The Trump and Thunberg Show: Davos Diary
(Bloomberg) -- Hello from Davos, Europe’s highest town and the location for the gathering of billionaires, politicians, bankers, academics and executives that is the World Economic Forum’s annual meeting.
We will be publishing our ‘Davos Diary’ throughout the week. Sign up here to get it in your inbox every day through Jan. 24.
Will Donald Meet Greta?
The diversity of views at Davos 2020 will be thrown into sharp relief on the opening day as President Donald Trump and climate change campaigner Greta Thunberg compete for the spotlight.
Thunberg was set to arrive on Monday via train, while Trump is expected to land on Tuesday in the presidential helicopter, Marine One. View his 2018 arrival here.
Thunberg speaks on an 8:30 a.m. panel and then again at 1 p.m. Those appearances will dovetail Trump’s 11: 30 a.m. keynote speech.
So will they run into each other in the warren-like corridors of the conference center? Don’t bet on it. Remember last September, Trump marched past a glaring Thunberg when they both addressed the United Nations.
Both will draw big crowds. Davosians always want to hear from a U.S. president, while climate change is this year’s hottest topic — if you’ll forgive the pun.
As he did in 2018, Trump looks likely to hail his record of sustaining economic growth and last week’s interim trade deal with China as vindication of his ‘America First’ agenda. The audience will be interested in his geopolitical views too after the U.S.’s killing of Iran’s Qassem Soleimani in Iraq heightened Middle East tensions.
Trump may be glad of the foreign trip and chance to showcase his arguments for re-election given back home lawmakers are weighing his impeachment. Click here to read more on Trump’s visit.
As for Thunberg, she returns to Davos after warning last year that “our house is on fire.” The 17-year-old said last week that she will be delivering the message that “you have not seen anything yet — you have not seen the last of us.”
Delegates may be more receptive to that message now after the WEF last week put environmental concerns atop its list of long-term risks. Click here to read Peter Coy’s story on how Davos went green.
Who Is Talking Tuesday?
- 8:30 a.m. | Common Future panel with Thunberg
- 8:30 a.m. | Future of Finance panel with Citigroup CEO Michael Corbat and Zurich Insurance CEO Mario Greco
- 11:30 a.m. | Trump gives special address
- 1 p.m. | Climate Apocalypse panel with Thunberg
- 2:15 p.m. | China’s vice premier Han Zheng gives special address
- 4 p.m. | Green Growth panel with Bank of England’s Mark Carney and Aramco’s Andrew Liveris
- 6 p.m. | Stakeholder Capitalism panel with BofA’s Brian Moynihan, IBM’s Ginni Rometty, Siemens’ Jim Snabe
- Be on the lookout for Bloomberg Television’s interviews with
- Hong Kong chief executive Carrie Lam
- Microsoft CEO Satya Nadella
- Blackstone CEO Steve Schwarzman
- South African central bank chief Lesetja Kganyago
- Citigroup CEO Mike Corbat
- Bank of America CEO Moynihan
- 2020 vision | The IMF trimmed its economic growth forecasts yet again, though it’s a little less worried about the risks. Amid the Alpine peaks, attendees will be busy debating whether we are witnessing peaks in key drivers of the world economy.
- Party crashers | The WEF’s executive crowd has thrived under decades of policies based on freeing up business and markets. Now, governments are gearing up for a more active role in steering economies through the big challenges of the coming years, from global warming and inequality to the great race for a technological edge.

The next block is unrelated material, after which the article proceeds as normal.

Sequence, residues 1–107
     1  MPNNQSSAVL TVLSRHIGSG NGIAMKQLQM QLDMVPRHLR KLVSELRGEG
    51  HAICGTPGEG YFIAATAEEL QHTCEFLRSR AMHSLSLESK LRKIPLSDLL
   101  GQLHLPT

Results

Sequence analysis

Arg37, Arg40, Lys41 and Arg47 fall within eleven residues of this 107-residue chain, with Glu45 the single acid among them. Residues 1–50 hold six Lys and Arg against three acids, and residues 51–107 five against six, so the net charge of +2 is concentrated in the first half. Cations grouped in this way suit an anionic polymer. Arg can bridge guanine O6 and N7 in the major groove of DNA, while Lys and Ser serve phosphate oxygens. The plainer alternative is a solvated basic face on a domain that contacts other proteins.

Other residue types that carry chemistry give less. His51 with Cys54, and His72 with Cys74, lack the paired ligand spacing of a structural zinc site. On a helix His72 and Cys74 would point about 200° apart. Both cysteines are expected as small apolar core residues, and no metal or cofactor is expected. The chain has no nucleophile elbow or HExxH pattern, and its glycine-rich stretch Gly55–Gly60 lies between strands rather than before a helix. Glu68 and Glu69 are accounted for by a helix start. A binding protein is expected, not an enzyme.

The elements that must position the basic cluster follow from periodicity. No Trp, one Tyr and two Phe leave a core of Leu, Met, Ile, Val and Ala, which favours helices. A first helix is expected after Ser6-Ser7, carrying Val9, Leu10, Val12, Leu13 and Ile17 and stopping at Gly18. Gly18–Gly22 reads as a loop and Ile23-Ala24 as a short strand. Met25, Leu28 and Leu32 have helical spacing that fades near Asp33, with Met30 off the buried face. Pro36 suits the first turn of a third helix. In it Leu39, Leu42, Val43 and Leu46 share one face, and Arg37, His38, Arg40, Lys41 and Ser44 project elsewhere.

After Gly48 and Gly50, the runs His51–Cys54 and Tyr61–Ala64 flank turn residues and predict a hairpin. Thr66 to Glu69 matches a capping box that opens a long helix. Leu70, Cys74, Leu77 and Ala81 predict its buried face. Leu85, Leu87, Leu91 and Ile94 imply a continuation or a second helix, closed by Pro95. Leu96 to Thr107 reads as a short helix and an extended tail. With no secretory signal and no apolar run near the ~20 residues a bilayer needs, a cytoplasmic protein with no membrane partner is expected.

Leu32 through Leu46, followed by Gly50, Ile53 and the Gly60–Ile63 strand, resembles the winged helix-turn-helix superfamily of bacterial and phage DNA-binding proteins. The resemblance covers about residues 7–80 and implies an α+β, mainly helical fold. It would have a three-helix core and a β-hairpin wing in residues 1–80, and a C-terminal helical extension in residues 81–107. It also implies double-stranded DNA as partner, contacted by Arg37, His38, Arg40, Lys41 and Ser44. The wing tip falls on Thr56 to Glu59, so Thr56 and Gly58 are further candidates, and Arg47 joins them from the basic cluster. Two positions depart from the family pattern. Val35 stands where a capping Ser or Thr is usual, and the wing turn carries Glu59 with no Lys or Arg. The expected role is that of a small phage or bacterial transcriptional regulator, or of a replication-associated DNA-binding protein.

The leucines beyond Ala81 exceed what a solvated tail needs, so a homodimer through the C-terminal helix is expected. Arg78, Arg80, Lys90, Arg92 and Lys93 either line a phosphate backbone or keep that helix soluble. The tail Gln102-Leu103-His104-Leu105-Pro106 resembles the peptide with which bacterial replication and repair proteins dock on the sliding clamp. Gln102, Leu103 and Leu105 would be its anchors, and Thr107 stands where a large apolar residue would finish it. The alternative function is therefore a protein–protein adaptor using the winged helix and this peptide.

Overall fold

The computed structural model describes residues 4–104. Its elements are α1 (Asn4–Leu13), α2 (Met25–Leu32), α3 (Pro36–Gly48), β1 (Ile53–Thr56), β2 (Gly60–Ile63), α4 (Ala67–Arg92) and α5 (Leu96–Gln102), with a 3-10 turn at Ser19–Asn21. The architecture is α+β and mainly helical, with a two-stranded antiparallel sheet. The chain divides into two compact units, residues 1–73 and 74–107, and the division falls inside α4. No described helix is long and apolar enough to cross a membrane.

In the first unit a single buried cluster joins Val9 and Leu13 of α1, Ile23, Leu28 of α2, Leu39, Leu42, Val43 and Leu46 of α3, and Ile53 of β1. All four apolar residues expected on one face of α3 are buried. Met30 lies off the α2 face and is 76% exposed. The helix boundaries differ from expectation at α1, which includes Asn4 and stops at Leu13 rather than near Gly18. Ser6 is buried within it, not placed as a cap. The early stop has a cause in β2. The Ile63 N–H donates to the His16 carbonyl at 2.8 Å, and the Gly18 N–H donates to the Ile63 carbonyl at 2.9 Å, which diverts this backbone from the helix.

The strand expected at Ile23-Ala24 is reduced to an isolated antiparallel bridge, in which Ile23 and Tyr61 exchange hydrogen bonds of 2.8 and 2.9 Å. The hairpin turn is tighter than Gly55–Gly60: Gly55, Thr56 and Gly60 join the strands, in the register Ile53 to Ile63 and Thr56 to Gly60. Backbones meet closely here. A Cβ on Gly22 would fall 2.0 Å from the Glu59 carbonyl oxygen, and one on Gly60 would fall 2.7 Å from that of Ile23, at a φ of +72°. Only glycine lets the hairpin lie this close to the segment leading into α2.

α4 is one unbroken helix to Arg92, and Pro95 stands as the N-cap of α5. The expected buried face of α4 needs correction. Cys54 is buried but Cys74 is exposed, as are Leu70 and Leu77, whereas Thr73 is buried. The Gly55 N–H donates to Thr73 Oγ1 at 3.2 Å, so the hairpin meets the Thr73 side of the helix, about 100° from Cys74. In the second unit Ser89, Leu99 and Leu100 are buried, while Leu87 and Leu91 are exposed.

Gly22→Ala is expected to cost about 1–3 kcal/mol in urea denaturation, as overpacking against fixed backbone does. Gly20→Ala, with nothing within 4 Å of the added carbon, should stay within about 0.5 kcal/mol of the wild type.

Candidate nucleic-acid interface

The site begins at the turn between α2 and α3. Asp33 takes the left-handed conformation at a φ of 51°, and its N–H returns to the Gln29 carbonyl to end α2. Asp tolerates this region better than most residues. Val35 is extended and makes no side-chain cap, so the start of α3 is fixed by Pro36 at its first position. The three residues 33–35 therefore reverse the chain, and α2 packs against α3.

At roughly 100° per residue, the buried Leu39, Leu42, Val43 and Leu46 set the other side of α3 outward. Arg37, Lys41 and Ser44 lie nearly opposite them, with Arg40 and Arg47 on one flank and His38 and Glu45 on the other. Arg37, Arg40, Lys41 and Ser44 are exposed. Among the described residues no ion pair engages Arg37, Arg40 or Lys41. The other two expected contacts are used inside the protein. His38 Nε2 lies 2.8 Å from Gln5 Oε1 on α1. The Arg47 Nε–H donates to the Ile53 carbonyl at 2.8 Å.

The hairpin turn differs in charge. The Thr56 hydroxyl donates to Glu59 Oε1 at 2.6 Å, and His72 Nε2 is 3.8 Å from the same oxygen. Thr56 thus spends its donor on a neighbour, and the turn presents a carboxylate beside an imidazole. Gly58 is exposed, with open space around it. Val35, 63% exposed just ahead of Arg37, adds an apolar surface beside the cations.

- EU clout | Commission President Ursula von der Leyen said the European Union must be prepared to back up its diplomacy with force if it is to enjoy complete security.
- Magnate magnet | Against a backdrop of fevered debate about the ills of inequality and calls for wealth taxes, more than a hundred billionaires are jetting to Davos this week. The green spirit has also gripped the richest, with private planes heading to the meeting able to fill their tanks with fuel designed to lower carbon emissions.
- Zauberberg 2020 | The clinics of Davos, built more than a century ago for treating tuberculosis, are now tackling afflictions of the 21st century: burnout and depression.
Quote of the Day
“Tentative stabilization, sluggish recovery” was IMF Managing Director Kristalina Georgieva’s description of the outlook for global growth in 2020.
Davos Data Download
This is the 50th time World Economic Forum founder Klaus Schwab has convened an annual meeting. And although the number of delegates attending Davos is capped, the organization’s revenue keeps growing: it stood at 345 million Swiss francs last year.
One Last Thing...
As the IMF looks to the future, it’s time for our annual review of how accurate Davos delegates were a year ago. Although the IMF was overly optimistic in projecting expansion of 3.5% for the year, it and others were right in rejecting recession fears and in predicting the U.S.-China trade spat would harm demand. “The chances of a recession short of a major mistake or accident this year are limited,” Philipp Hildebrand, vice chairman of BlackRock, said last January. He dubbed the U.S.-China clash the top “meta risk.” As for central banks, UBS Chairman Axel Weber correctly predicted interest rates would be cut and billionaire Ray Dalio said there had been an “inappropriate desire” to hike. The Federal Reserve ended up easing monetary policy three times in 2019. Not everyone in Davos was right about the Fed. Morgan Stanley CEO James Gorman tipped it to raise rates once or twice more.
©2020 Bloomberg L.P.